To make a milky coffee – cappuccino, macchiato or latte – fill the provided glass jug with cold milk up to the level marked on the side of the vessel, push the whole assembly into the area you would normally place a cup, drop in a capsule and choose your preferred brew using the interface on the right. The milk will go through the frothing and heating process before a single dose of espresso is added to the mix. Rather cleverly, the espresso sinks straight to bottom so that when you pour it into your cup, the coffee pours out first followed by the creamy froth. If you never have milk with your espressos, perhaps consider the cheaper Idola model which doesn’t come with the milk frothing system.
The Deséa is narrow enough to fit on any work top (it’s just 14.5cm wide) and it comes with an ample 1.1-litre water reservoir that’s easy to remove. The spent capsule drawer meanwhile is large enough for about 10 pods – rather handily, an audio tone signals when the container needs emptying.
Lavazza capsules (available online and in most high street stores) cost around 31p a cup – among the cheapest on the market – and there are seven great-tasting blends to choose from. Best blends in my opinion? Passionale and Lungo Dulce produce top flight espressos time after time, and quickly too.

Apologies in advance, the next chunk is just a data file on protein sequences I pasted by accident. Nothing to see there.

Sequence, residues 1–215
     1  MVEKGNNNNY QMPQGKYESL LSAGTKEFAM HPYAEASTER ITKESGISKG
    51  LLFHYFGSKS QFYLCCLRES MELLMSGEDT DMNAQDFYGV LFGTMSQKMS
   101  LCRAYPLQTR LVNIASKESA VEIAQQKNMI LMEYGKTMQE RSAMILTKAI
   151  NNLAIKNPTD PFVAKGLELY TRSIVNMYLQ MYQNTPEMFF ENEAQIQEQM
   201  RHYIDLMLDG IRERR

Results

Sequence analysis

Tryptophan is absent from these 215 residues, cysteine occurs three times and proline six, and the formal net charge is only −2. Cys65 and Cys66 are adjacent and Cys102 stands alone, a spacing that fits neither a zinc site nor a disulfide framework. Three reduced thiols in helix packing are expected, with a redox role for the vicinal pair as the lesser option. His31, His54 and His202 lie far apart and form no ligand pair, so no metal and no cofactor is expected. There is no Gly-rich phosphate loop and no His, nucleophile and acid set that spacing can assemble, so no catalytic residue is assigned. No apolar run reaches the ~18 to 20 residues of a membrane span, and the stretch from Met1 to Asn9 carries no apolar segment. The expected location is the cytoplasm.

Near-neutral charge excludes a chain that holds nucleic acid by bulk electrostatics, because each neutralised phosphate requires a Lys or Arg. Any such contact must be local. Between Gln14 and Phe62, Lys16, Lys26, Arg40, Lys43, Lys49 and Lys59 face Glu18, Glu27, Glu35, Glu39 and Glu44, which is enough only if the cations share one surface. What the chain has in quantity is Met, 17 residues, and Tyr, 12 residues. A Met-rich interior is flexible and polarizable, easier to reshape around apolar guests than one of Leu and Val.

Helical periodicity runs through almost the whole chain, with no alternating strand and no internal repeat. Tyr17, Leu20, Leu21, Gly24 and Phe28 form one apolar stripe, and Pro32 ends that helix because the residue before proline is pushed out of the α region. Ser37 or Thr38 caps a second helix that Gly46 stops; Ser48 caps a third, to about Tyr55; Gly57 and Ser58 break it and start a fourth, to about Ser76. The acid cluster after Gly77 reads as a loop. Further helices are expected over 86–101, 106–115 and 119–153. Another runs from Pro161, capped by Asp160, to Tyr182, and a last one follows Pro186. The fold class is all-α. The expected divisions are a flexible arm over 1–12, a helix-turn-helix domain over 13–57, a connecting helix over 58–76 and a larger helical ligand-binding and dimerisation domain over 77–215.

Once you have a taste for real espresso nothing else will do. So, next time you’re on your travels, pack this remarkable hand-powered gizmo and you’ll never have to endure an insipidly crap hotel coffee ever again. You can even take it camping, up a mountain, into the desert – anywhere you can boil up some water.
With the aid of the optional Nespresso NS adapter (£20), this model produces espressos as rich and aromatic as any kitchen-bound machine on this page. Just fill the small chamber with boiled water, slap a capsule into the adapter, seal the lid and add a good dose of finger pressure to squeeze the piston closed. Boom, instant espresso with a proper dollop of thick, rich crema on top.
If other people’s coffee rarely meets your high expectations, you’re out camping in the wilds or visiting a relative who only drinks instant dishwater, pop one of these in the travel bag and you’ll never be without a proper caffeine fix. Highly recommended.
This keenly-priced micro machine is the width of a coffee tin and couldn’t be easier to use. The 0.5-litre water tower is big enough for at least half-a-dozen cups (either long or short, depending on which button is pressed) but the used capsule collection drawer is tiny and only has room for five. If you step too far over the mark, I can guarantee the drawer will jam and you’ll struggle to get the damn thing open.